The Carbon Trust has announced the launch of a £1 million Scottish Government funding pot for the development of floating offshore wind technology.
The Floating Wind Joint Industry Project (JIP) announced today its opening of the Floating Wind Technology Acceleration Competition.
It hopes to encourage innovative design and the potential future commercialisation of the technology.
The Floating Wind JIP includes Vattenfall, Shell, SSE, Orsted, ScottishPower Renewables and Engie.
The Carbon Trust said it believed the floating offshore wind sector could be “a £32 billion market opportunity”.
It added that in realising the scale of the deployment, the Scottish energy sector will require “innovative solutions to de-risk the technology and reduce costs”.
Scotland’s Energy Minister Paul Wheelhouse said: “I am delighted to announce the £1m Floating Wind Technology Acceleration Competition that Scottish Government are partnering with the Carbon Trust to deliver.
“Given that 80% of offshore resource across the world is in deeper water, floating offshore wind will undoubtedly play a key role in renewable generation in the future.
“Finding solutions to the key challenges identified as part of the competition will facilitate faster deployment of commercial level floating offshore wind farms, allowing this technology to reach its potential.”
The Floating Wind JIP report highlighted the need for dedicated solutions for offshore wind mooring systems, in particular the use of synthetic mooring line materials compared to conventional steel chain or wire moorings, and efficient means of installation and maintenance.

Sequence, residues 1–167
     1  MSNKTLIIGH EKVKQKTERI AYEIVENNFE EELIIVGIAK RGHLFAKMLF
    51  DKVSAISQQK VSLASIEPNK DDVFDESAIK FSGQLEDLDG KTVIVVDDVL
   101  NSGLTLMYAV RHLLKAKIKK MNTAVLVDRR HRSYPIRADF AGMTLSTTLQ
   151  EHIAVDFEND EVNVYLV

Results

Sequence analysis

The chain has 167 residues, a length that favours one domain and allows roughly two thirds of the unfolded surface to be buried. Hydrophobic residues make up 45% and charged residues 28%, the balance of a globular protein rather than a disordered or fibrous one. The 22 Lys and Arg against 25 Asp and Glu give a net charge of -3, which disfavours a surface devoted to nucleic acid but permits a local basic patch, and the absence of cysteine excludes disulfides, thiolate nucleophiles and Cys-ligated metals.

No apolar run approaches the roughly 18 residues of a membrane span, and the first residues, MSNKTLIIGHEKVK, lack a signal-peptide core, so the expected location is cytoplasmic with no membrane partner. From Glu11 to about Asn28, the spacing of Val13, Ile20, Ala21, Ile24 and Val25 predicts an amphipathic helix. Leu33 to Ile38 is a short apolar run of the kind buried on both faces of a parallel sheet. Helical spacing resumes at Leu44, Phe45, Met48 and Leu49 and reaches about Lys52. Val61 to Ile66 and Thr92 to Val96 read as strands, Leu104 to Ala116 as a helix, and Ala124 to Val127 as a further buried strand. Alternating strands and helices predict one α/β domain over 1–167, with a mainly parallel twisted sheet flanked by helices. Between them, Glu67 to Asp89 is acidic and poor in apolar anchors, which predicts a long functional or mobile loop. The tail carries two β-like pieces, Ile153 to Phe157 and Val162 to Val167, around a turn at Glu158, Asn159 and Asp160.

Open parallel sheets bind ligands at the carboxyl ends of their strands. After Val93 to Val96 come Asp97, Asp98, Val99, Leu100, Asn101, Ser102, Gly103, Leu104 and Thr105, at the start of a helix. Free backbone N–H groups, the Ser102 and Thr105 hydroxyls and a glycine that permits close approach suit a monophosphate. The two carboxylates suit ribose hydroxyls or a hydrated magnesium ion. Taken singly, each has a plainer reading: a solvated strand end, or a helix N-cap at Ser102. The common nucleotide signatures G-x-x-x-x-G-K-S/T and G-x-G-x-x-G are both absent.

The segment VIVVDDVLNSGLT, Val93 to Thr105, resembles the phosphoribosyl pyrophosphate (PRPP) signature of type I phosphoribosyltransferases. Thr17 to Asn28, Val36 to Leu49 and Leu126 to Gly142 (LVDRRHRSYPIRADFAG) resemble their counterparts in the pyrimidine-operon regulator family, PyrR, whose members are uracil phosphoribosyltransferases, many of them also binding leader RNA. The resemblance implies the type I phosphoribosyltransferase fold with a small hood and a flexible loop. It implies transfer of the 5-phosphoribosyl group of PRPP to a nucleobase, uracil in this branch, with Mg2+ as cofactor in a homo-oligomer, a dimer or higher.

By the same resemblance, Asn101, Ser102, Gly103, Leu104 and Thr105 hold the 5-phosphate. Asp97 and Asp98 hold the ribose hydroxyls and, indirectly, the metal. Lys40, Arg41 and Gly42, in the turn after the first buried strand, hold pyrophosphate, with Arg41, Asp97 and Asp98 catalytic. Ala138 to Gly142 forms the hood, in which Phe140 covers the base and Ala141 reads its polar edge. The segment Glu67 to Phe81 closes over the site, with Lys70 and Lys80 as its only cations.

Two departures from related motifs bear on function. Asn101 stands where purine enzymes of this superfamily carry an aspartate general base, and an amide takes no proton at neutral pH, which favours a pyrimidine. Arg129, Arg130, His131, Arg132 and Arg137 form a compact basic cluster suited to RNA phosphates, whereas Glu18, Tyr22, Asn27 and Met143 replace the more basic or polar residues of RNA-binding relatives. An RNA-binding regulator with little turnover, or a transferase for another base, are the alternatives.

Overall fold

The report also identified the need to develop efficient manufacturing processes and develop cost effective means of maintaining floating offshore wind structures.
Jan Matthiesen, director of offshore wind at the Carbon Trust added: “Floating wind is a proven technology and promises to be the next renewable power success story, but to meet the scale of ambition we need to accelerate cost reduction.
“By 2030, the Carbon Trust estimates that a further 12GW of floating wind capacity could be built globally, requiring around £32.4bn of capital investment.
“This rapid growth provides opportunities to participate in this exciting new sector and we welcome ideas from across industry to support this important sector.”